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CHASHME BADDOOR Movie Review: David Dhawan back in form
Kausar Munir, Jaleesh Sherwani and Neelesh Misra
Ali Zafar, Siddharth, Divyendu Sharma, Taapsee Pannu and Rishi Kapoor
April 5, 2013 05:43:27 PM IST By Martin D'Souza, Glamsham Editorial
Dhawan's CHASHME BADDOOR is a remake of the original by Sai Paranjpye (1981). So as far as creativity goes, it scores zilch. It only goes to show what bad times Bollywood has fallen into. In the years to come, there will only be re-makes like at one point in time there were re-mixes. And everyone knows that to make a re-mix, you don't have to be a genius. Someone else has done the hard work; you just add another layer and voila, the work is yours!
Here, too, David Dhawan has got a ready-made script although he has twisted it a bit to suit recent times with 'mast, new-age' dialogues ('If you can't change the girl, change the girl') and shayaris. And though I walked in to watch the film a bit hesitant (HIMMATWALA was remade just last week), I was pleasantly surprised by the energy Dhawan has managed to infuse with the three main characters.
There are many genuine 'laugh your guts out' moments. Set in Goa, CHASHME BADDOOR revolves around Sid (Ali Zafar), Jai (Siddharth Narayan), and Omi (Divyendu Sharma). While Omi and Jai are much the 'robust romeos', Sid is the more mature, quieter guy. Seema (Taapsee Pannu) runs away from home to stay in their neighborhood with her Nani and uncle. Omi and Jai instantly want to score with her, but it is Sid, who later wins her heart.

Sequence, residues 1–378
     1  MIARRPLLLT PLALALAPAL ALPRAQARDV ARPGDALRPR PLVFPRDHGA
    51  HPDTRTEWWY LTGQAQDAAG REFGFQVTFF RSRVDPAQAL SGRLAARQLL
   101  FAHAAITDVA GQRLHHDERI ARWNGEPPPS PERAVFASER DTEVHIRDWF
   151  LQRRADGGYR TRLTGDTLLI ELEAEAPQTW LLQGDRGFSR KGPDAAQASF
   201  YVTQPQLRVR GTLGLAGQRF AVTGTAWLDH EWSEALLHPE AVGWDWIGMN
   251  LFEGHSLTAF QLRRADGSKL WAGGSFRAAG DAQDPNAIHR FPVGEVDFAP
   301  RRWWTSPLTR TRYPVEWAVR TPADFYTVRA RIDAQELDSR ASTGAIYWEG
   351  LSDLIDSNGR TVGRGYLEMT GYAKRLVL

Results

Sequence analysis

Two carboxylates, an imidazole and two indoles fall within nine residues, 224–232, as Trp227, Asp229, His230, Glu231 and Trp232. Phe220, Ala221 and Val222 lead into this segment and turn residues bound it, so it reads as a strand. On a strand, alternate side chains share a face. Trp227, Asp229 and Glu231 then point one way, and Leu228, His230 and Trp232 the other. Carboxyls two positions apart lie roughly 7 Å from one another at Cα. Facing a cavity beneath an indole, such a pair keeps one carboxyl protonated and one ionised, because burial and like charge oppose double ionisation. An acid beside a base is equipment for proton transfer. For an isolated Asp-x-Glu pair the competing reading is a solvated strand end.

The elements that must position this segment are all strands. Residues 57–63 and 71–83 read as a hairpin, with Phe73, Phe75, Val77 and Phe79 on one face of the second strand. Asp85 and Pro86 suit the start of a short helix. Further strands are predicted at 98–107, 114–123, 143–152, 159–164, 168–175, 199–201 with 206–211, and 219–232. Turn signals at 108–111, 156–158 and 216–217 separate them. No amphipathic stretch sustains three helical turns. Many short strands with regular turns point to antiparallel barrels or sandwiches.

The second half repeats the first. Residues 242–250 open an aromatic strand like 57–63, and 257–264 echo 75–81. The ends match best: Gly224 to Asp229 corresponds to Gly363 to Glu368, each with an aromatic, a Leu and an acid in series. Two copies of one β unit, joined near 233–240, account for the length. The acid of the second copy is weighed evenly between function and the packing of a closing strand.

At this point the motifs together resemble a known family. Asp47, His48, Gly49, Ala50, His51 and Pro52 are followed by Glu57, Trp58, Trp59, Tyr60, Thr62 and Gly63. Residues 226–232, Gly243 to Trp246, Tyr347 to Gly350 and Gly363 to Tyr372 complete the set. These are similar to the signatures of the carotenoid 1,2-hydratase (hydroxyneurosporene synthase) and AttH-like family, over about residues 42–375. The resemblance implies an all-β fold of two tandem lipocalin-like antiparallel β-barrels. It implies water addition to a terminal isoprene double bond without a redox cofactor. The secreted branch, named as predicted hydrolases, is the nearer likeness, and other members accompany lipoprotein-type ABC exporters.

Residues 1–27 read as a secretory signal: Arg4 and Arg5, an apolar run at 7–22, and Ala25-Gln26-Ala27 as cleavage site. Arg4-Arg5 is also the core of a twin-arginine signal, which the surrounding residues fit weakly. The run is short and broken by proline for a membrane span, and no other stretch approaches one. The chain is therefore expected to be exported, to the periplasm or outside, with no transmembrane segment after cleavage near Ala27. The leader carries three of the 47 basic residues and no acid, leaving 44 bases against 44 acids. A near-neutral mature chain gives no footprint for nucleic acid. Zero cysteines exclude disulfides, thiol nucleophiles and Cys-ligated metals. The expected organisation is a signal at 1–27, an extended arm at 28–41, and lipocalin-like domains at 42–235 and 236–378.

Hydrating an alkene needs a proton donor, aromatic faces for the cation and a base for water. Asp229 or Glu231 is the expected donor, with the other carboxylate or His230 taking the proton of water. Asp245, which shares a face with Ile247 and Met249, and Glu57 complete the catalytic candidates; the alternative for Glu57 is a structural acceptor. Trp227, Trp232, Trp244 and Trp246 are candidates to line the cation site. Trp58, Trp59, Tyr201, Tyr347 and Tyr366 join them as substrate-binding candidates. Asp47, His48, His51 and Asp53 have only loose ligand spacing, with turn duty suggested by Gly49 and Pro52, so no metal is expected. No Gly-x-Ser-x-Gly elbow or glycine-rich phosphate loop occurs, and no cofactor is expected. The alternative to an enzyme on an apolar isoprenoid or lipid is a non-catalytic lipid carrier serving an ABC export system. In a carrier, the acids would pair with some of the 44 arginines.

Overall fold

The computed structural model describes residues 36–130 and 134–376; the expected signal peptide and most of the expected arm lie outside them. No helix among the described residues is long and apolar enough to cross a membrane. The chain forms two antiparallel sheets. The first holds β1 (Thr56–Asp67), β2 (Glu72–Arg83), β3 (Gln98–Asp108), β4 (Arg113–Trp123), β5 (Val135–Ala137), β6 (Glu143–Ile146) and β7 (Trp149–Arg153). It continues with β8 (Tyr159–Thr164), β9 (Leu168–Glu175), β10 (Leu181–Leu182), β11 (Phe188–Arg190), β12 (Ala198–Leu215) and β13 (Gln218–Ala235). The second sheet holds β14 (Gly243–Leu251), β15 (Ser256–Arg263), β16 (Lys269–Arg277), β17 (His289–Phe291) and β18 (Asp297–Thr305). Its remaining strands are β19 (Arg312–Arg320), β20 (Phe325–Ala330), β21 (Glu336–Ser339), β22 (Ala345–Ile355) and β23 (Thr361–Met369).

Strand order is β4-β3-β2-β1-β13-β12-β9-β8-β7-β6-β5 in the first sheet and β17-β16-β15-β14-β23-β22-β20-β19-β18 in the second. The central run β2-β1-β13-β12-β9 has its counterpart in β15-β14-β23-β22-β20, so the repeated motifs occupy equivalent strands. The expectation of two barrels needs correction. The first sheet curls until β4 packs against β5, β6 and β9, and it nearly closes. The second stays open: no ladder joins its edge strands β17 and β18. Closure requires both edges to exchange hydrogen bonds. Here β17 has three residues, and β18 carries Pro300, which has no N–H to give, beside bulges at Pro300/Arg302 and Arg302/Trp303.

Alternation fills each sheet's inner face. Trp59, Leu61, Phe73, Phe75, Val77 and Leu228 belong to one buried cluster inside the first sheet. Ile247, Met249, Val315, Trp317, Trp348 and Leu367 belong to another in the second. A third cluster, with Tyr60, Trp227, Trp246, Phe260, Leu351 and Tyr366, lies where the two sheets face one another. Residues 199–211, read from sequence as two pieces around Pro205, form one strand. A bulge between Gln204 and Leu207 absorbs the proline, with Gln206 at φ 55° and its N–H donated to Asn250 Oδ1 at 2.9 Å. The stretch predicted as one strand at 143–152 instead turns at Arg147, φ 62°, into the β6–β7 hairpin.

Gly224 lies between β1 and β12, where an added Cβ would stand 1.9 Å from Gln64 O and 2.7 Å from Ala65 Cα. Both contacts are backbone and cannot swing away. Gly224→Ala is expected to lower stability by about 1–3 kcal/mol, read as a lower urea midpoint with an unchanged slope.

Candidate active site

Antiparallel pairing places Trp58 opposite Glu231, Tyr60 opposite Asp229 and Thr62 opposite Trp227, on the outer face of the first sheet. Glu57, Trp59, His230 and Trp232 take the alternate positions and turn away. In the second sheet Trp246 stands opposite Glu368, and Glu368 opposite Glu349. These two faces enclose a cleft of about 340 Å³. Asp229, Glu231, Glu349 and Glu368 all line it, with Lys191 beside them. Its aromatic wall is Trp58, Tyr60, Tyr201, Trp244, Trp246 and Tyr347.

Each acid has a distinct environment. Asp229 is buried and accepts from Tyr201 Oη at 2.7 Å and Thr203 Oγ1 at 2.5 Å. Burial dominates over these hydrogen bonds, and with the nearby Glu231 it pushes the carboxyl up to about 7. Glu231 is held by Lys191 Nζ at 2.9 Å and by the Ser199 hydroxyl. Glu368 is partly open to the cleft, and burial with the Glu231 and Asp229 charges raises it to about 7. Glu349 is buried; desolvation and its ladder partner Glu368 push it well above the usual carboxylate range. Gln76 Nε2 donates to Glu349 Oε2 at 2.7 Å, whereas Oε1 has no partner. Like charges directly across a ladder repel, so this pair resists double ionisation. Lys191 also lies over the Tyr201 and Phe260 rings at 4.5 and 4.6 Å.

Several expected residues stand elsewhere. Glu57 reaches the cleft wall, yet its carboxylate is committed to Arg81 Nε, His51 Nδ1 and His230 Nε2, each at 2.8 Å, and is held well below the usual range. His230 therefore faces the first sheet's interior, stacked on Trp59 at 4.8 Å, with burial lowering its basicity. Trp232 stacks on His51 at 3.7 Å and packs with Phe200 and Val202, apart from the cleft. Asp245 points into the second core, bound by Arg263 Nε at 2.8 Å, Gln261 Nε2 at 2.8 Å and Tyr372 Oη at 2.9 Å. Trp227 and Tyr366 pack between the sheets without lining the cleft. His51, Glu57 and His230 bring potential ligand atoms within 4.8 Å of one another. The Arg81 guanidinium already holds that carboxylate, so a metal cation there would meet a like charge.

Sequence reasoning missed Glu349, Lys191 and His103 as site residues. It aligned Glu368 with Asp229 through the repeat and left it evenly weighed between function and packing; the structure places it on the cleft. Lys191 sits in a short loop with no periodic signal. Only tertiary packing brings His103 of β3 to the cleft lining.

The twist comes when his kamine friends decide to break their relationship.
Rishi Kapoor as Joseph and Lillete Dubey as Josephine too have a role that begins with a bang, but ends with a whimper.
About Dhawan, you can say that he is back with a vengeance as the first 45 minutes are a laugh riot. But as the film crosses over after half-time, he drags a bit with some 'over-the-top' gags that are a bit difficult to digest. Like the filmy scene in the end engineered by Nani, Omi and Jai and also the track where Joseph and Josephine are fed lies about each other by Jai and Omi. Then there is also that unnecessary scene where Josephine goes with a detergent to Joseph's house. All these take off the sting of the punch delivered by Dhawan early on. As for the first song, it is pure noise!
In future, I hope a regulatory body [in its bid to protect the creativity of old] is set up to screen remakes. I also hope there is a huge fee on making remakes which would automatically deter producers from venturing into tampering with classics.
I was particularly intrigued by Asha Bhosle's quote during the release of her debut film MAI, a few months ago. When quizzed about remixes she had said: 'No matter how many films are remade and songs remixed, the original is the best and is always remembered.'
Cheers to the filmmakers of old... And to the new age gurus, I would like to request them to dig deep into their resources; a classic or two is residing somewhere down there. Don't take the shorter route for a creative high.